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Plunkett, Sir Horace

Plunkett, Sir Horace (1854–1932). Plunkett was a lifelong advocate of agricultural co-operation. A younger son of the 16th Lord Dunsany [I], he was born in Gloucestershire, but spent his early years rearing cattle in America. In 1889 he settled in Ireland and began preaching co-operative farming. He became a member of the Congested Districts Board in 1891 and entered Parliament the following year as a Unionist. The Irish Agricultural Organization Society (1894) led to a Department of Agriculture for Ireland in 1899, in which Plunkett served for seven years as vice-president, despite losing his parliamentary seat in 1900. But like many moderates, his political hopes foundered on growing militancy in Ireland. Reluctantly converted to Home Rule, he urged Ulster not to stay out. When it did, he became in 1922 a member of the Senate of the Irish Free State, but returned to England after his house had been burned down in 1923. In January 1920 Plunkett was reported dead by mistake and had the dubious pleasure of reading his own obituary notices.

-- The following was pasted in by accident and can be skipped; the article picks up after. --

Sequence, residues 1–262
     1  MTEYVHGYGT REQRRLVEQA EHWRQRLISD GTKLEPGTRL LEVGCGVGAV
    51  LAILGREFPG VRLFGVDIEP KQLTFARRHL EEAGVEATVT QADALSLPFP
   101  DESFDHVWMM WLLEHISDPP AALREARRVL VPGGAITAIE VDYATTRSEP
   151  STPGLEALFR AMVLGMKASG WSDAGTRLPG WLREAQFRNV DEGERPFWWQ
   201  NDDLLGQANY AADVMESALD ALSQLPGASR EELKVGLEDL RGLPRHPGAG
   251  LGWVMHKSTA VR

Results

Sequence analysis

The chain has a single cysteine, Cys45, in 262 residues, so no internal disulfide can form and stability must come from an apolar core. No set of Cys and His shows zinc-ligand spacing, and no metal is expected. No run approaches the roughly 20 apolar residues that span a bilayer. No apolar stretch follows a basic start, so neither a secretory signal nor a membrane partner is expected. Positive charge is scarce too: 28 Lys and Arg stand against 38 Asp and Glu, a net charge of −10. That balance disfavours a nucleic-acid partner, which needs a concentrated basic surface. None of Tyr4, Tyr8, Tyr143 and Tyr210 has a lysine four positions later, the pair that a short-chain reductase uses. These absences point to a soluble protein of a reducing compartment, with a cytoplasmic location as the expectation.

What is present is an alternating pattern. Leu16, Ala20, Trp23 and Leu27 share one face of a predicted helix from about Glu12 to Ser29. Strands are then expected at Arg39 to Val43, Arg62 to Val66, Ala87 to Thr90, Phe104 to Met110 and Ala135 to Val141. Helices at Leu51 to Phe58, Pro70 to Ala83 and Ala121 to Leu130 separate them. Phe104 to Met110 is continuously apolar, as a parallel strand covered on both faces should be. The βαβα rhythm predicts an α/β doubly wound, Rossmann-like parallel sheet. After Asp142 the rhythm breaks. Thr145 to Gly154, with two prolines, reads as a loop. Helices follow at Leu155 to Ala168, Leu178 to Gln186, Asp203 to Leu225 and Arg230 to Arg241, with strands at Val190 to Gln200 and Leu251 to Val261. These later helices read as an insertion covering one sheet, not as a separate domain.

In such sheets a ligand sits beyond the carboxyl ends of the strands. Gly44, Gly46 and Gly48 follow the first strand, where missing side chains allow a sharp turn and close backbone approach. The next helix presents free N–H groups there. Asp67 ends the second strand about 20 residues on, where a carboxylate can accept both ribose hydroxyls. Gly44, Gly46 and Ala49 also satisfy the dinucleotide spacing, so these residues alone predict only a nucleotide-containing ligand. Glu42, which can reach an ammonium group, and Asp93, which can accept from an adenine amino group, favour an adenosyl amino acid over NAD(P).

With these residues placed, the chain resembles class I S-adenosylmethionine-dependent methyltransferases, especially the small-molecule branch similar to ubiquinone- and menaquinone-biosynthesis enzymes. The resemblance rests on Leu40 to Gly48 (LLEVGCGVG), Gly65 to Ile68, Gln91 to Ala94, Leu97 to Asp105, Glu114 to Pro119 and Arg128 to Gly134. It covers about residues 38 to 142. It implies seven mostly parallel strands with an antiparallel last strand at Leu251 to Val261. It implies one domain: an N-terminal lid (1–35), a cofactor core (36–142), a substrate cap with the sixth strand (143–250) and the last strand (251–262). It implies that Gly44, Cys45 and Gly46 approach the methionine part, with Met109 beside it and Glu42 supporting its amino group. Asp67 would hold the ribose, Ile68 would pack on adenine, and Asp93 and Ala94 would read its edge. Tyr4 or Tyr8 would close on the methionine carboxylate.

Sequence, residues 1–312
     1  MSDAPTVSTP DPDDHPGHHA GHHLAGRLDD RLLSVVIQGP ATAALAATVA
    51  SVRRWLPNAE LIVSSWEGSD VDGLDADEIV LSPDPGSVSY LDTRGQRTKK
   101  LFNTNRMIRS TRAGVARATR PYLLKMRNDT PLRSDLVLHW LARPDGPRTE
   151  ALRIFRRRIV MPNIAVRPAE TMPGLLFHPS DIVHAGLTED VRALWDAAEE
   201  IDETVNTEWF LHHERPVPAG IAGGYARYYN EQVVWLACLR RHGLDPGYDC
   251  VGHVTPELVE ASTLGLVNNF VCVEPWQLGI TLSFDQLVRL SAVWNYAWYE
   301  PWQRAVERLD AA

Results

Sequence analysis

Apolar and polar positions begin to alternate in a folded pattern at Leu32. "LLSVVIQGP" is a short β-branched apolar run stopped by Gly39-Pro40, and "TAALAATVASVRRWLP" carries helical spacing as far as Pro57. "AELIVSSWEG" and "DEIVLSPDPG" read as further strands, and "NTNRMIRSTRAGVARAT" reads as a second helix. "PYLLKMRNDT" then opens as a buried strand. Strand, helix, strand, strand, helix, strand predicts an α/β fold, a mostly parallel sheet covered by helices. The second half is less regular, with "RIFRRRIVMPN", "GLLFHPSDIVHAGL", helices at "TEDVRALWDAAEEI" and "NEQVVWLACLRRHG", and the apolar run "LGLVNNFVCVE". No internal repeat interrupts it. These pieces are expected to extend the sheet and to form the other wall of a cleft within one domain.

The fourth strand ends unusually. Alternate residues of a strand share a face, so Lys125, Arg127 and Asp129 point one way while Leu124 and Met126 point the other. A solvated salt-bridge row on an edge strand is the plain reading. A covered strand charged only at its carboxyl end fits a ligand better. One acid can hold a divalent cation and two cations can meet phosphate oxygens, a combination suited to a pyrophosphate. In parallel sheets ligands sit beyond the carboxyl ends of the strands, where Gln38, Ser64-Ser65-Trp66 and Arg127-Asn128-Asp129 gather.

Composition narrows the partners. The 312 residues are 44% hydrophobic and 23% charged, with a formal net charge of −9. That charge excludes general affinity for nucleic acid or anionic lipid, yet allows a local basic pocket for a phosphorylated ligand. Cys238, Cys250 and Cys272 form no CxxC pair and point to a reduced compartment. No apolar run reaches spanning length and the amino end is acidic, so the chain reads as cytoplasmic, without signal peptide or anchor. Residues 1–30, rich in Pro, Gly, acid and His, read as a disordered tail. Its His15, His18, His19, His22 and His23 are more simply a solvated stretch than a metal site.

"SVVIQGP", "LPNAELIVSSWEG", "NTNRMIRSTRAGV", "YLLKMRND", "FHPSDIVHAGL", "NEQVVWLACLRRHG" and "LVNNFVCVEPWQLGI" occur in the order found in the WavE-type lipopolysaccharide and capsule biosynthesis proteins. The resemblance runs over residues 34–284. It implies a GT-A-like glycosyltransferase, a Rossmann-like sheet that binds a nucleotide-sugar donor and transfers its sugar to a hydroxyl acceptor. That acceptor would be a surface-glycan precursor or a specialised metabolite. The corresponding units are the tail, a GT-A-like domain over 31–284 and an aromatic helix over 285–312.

J. A. Cannon

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Plunkett, Sir Horace Curzon

Sir Horace Curzon Plunkett, 1854–1932, Irish statesman and agricultural reformer. Educated in England, Plunkett spent 10 years (1879–89) in Wyoming as a cattle rancher. Returning to Ireland, he became an ardent exponent of farming cooperatives. His work was highly important in the face of the serious agrarian problems of Ireland (see Irish Land Question). He founded (1894) the Irish Agricultural Organization Society and as a member of Parliament (1892–1900) drafted legislation for Irish agricultural needs. From 1900 to 1907 he was vice president of the new department of agriculture for Ireland. He was a prominent mediator in the Irish uprisings prior to and during World War I, serving (1917–18) as chairman of the Irish convention founded to effect a peaceful settlement of the outbreaks. He wrote Ireland in the New Century (1904), The Rural Life Problem in the United States (1910), and numerous pamphlets.

See study by R. A. Anderson (1935); biography by M. Digby (1949).

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